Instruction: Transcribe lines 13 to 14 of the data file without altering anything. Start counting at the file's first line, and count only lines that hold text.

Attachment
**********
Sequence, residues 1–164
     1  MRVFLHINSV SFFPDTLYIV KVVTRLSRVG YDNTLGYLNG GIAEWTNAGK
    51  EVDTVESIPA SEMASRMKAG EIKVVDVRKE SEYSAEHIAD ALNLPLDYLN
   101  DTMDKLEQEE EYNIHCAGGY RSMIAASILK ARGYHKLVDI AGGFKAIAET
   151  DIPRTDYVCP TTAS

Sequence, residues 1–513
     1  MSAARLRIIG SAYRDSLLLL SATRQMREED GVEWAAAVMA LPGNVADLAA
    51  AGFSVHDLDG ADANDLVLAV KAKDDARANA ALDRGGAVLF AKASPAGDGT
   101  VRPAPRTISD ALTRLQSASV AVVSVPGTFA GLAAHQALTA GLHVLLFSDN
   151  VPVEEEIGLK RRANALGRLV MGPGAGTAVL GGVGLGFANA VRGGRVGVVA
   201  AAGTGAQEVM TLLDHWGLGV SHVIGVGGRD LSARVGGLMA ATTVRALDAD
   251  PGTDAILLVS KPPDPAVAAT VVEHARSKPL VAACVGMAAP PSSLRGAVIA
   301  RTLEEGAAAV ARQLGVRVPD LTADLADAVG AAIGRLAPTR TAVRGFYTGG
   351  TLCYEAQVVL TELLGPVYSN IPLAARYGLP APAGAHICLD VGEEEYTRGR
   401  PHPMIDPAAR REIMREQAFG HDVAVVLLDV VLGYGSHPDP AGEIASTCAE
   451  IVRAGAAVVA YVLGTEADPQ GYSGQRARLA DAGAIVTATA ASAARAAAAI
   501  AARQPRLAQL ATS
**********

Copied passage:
   301  RTLEEGAAAV ARQLGVRVPD LTADLADAVG AAIGRLAPTR TAVRGFYTGG
   351  TLCYEAQVVL TELLGPVYSN IPLAARYGLP APAGAHICLD VGEEEYTRGR